Northrop president to workers: Only think about quality
Published 7:00 pm Friday, July 13, 2007
Northrop Grumman Ship Systems President Philip Teel has told shipyard workers in Pascagoula to concentrate on their jobs to build quality vessels and let those labors answer critics in the Navy.
“We have our name on LPD 17 and LPD 18, two ships that have been delivered, two ships with which our Navy customer is not happy,” Teel told the workers Thursday. “We’re working with the Navy to get these ships finished, and to get them happy with these truly remarkable combatants. That’s the only thing all of us should think about every day.”
Secretary of the Navy Donald C. Winter, who in a letter to Northrop’s CEO Ron Sugar last month, criticized Northrop for what Winter said were poor construction standards and an inability to meet cost and schedule targets.
The first two ships were delivered to the Navy incomplete, but Teel said when the USS Mesa Verde leaves the Ingalls yard in Pascagoula it would be ready to function.
The LPDs are amphibious assault ships designed to carry as many as 800 Marines, their vehicles and helicopters.
Teel said Congress, the Navy and Northrop shared blame for deficiencies in the first two LPDs, built primarily at the Avondale, La., yard.
Teel said the design was particularly complex, driving the cost up and making it a difficult ship to build.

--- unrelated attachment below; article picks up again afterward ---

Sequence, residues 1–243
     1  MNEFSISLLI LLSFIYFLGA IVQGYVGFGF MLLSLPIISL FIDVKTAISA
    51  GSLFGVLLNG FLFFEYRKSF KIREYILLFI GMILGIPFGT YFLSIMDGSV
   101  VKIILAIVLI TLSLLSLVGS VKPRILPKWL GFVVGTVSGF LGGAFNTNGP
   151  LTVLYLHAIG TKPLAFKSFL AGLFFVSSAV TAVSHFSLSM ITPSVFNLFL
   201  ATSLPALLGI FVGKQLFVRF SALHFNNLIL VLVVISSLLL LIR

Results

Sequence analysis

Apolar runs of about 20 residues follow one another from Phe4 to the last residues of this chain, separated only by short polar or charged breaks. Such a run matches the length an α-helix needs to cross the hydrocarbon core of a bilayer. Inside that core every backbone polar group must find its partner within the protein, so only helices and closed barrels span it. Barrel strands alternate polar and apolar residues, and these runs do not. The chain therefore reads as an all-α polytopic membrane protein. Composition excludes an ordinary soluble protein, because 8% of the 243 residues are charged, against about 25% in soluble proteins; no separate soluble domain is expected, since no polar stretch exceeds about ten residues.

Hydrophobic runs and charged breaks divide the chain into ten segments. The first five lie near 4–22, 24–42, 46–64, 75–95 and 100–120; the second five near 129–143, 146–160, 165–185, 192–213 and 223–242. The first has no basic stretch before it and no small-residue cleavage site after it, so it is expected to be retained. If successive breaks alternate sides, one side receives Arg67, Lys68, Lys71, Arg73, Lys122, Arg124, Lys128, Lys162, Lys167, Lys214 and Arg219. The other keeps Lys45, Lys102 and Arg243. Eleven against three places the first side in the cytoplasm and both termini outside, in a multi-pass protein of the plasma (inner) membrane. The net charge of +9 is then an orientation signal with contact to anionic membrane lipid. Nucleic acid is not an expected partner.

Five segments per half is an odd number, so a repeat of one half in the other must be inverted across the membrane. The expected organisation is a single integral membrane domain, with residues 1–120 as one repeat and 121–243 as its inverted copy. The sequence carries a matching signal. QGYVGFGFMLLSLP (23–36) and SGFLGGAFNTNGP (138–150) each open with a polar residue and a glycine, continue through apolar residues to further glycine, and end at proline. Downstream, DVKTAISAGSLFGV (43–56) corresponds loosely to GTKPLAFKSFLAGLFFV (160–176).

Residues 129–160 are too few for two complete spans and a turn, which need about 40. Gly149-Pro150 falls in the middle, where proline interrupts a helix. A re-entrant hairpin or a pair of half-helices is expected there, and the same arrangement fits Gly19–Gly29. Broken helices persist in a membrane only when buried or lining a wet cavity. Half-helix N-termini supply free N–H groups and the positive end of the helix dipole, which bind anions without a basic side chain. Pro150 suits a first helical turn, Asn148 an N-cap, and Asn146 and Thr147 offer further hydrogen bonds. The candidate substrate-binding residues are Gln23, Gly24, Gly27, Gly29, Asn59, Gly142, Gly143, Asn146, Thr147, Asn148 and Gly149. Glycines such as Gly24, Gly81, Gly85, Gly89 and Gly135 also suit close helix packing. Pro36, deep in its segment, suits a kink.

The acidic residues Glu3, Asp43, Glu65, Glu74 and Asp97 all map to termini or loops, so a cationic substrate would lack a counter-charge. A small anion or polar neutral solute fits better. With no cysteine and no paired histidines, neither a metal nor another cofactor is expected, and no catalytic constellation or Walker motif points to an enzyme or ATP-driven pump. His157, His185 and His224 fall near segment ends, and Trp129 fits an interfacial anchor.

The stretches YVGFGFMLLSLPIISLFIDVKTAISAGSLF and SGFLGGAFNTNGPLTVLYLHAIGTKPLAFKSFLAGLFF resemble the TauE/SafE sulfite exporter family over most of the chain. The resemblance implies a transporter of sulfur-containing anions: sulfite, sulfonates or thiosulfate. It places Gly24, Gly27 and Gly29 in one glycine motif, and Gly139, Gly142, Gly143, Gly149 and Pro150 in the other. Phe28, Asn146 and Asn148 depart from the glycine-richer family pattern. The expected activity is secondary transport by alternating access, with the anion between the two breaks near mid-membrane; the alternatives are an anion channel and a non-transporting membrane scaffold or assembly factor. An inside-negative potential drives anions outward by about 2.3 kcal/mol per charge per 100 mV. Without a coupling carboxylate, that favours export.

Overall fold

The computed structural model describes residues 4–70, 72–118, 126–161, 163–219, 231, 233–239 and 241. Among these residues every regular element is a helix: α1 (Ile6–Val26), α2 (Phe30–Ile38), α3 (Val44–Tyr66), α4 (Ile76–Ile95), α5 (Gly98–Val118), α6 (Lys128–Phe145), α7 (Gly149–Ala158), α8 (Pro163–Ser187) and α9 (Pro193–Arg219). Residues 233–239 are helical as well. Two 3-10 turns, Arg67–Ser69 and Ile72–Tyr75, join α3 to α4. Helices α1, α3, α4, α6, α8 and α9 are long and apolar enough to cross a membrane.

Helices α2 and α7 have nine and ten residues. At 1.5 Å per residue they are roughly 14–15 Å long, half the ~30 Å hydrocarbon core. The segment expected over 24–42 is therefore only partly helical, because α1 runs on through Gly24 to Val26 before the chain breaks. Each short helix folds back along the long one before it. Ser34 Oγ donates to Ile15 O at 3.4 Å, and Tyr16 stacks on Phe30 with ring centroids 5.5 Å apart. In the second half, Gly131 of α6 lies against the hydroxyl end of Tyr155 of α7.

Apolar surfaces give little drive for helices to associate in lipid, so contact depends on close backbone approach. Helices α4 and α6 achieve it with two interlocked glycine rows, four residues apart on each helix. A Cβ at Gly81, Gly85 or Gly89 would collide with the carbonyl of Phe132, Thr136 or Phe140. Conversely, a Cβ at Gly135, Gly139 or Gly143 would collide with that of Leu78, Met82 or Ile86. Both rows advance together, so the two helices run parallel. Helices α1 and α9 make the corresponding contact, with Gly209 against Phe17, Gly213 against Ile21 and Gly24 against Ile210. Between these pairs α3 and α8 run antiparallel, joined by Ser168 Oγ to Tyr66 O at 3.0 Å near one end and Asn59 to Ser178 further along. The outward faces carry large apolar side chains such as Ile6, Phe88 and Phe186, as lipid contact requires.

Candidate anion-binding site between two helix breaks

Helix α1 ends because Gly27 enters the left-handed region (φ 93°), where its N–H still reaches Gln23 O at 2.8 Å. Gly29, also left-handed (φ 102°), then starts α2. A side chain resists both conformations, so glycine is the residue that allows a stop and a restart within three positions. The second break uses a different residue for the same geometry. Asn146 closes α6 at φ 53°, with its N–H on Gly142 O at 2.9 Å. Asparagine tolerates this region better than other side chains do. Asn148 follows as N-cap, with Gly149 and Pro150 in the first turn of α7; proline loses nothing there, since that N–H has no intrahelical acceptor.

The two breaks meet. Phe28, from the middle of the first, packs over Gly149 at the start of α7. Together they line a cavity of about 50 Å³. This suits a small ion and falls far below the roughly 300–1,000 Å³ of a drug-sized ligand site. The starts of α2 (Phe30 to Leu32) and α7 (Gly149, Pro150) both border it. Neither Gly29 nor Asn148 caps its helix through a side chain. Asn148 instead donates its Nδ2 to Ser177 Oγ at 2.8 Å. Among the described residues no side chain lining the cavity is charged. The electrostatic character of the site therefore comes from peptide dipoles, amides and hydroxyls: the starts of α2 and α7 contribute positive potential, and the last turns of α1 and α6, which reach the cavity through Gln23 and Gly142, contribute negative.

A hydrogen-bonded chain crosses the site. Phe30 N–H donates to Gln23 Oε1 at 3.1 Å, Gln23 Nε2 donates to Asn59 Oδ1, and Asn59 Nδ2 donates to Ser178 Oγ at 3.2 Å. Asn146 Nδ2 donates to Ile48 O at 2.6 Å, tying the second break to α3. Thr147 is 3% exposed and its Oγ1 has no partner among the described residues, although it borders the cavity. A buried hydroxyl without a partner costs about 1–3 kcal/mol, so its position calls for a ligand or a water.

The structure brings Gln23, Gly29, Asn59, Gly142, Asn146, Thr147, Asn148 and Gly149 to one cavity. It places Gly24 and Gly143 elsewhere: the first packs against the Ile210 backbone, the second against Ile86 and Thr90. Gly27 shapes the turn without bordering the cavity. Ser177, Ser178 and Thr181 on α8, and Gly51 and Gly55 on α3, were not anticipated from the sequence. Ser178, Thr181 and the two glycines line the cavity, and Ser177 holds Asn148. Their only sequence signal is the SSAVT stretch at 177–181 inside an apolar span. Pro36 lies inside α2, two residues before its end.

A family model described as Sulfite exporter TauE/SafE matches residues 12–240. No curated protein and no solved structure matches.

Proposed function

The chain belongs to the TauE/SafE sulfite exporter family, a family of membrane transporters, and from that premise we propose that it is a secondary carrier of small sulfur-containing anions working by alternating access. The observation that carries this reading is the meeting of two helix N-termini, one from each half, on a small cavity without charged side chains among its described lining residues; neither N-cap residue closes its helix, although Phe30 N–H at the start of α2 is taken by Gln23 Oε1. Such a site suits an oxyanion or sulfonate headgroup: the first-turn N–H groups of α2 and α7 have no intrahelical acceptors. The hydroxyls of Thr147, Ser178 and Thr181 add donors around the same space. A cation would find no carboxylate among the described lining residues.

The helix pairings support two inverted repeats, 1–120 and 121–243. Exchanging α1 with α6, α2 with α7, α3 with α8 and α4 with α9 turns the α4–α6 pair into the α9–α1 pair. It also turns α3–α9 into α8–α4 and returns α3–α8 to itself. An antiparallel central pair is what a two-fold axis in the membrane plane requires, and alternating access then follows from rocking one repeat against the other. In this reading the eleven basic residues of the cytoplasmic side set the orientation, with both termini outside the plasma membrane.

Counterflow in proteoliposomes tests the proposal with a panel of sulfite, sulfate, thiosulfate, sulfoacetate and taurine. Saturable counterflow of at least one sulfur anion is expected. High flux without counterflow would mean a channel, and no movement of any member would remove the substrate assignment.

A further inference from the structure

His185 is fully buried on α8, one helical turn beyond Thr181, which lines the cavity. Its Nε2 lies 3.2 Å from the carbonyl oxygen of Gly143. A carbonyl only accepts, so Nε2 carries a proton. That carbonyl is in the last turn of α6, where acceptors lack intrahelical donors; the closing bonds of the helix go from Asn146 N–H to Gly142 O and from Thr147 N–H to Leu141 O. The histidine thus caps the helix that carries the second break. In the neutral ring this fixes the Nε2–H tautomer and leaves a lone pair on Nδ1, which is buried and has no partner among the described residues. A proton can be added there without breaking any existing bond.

The Navy wanted a design team integrated with Northrop Grumman’s, a move that slowed the design to the point it was not complete when fabrication started on the first LPD, Teel said.
Teel said Congress was unable to maintain a steady flow of money to the project, causing Northrop to increase and then decrease staffing.
To the workers, Tell said: “Whatever your individual task, do it the best you can — do it like your future depends on it because our future does depend on it.”
In another development, The Sun Herald newspaper reported Friday that it had received a copy of a June 29 letter Sugar wrote back to Winters.
The newspaper said Sugar made similar points Teel made to workers Thursday, mainly the problem with the design team, saying “Production began while the design was still immature — always a risky strategy.”
Sugar did not put the blame entirely on Hurricane Katrina, which devastated the Ingalls yard in Pascagoula. Sugar said the hurricane’s damage made the situation worse.
Sugar said the company was not happy delivering the first two LPDs incomplete, but planned to learn from them.
Sugar also said Teel and Wes Bush, another Northrop executive, have provided a detailed roadmap of the work under way to improve training, processes, productivity, facilities and quality at the Gulf Coast yards. Northrop also operates a shipyard in Gulfport.